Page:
07 Feb 2012
Maritime force is first international navy to buy the mine-sweeping technology developed by Northrop Grumman.
Japan’s Maritime Self-Defense Force has ordered four airborne laser mine detection systems (ALMDS) from Northrop Grumman – making it the first international navy to buy such systems directly from the US defense contractor.
It will use the helicopter-mountable technology to protect the country’s coastline and daily maritime traffic in and around Japan’s ports. The light detection and ranging (LIDAR) systems, which are around nine feet in length, feature a pulsed laser and streak tube receivers to detect, classify and localize sea mines moored close to the surface of the water.
According to Northrop Grumman, the ALMDS transmits a fan-shaped beam of laser light towards the water, which is then “swept” over the sea at the speed of the aircraft carrying the systems in a “push-broom” manner.
Four cameras are then used in conjunction with a target recognition algorithm to identify and store three-dimensional images of suspicious-looking objects just below the surface of the sea. Donna Carson-Jelley, ALMDS program manager at the US Navy, said in a Northrop Grumman statement:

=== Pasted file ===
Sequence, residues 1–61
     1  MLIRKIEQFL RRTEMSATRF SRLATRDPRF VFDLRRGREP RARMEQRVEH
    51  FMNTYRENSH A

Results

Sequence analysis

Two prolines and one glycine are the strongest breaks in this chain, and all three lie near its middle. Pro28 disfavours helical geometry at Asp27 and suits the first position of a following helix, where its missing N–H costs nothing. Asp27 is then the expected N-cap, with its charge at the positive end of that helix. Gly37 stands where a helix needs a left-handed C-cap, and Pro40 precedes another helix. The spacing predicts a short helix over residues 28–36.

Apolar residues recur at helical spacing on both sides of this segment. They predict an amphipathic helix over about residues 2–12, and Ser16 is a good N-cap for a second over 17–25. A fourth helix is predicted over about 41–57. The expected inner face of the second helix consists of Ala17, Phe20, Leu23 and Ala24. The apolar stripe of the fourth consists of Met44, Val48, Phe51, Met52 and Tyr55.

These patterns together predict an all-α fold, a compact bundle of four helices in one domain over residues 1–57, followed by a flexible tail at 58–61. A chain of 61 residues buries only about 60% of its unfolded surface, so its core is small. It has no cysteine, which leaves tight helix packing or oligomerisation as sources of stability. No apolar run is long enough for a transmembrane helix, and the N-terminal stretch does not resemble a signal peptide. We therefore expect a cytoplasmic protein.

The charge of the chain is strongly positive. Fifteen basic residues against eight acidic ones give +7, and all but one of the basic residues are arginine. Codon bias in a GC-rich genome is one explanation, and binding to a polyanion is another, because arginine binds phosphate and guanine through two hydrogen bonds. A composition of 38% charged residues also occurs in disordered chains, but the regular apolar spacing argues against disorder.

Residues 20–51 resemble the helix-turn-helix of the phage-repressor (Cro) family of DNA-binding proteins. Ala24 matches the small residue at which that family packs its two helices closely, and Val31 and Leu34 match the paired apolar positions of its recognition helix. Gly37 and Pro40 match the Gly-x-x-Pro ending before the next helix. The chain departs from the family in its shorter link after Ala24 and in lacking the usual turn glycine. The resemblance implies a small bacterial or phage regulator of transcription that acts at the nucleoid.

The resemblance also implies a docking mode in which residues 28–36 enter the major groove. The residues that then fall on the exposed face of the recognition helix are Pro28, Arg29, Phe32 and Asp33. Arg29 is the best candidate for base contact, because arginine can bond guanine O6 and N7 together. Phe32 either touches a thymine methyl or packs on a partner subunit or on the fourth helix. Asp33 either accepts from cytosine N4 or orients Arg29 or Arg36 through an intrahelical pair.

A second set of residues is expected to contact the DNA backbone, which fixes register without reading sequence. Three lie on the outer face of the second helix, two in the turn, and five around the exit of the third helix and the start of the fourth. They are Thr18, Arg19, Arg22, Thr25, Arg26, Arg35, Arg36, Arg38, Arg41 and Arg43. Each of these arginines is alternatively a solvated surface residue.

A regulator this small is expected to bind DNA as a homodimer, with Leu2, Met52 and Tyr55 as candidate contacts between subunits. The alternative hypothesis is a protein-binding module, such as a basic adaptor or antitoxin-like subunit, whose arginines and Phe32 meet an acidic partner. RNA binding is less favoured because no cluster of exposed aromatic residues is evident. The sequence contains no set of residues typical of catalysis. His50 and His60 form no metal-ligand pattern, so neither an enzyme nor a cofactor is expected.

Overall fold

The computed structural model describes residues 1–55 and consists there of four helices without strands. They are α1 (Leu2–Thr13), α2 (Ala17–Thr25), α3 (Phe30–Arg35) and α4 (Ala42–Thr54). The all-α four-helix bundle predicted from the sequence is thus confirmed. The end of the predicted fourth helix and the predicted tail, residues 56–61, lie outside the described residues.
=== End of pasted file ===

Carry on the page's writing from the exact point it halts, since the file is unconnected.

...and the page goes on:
“ALMDS will enable the Japan Martime Self-Defense Force to cover significant distances at the speed of flight using its MCH-101 aircraft. This technology dramatically compresses the time between mine detection and neutralization. ALMDS keeps mine countermeasures ahead of the threats.”
The US Navy has been using the ALMDS for several years, after the program to develop the technology first moved into the production and deployment phase in 2005. The system works in day and night conditions, and is equally capable of identifying and tracking large objects such as boat traffic, and small objects such as fish – as well as mines.
Northrop Grumman will work with Japan’s Kawasaki Heavy Industries and Fujitsu on the delivery and installation of the four ALMDS systems.
According to the defense contractor, ALMDS also has other applications, for example tracking suspected illegal aliens and monitoring the extent of oil spills.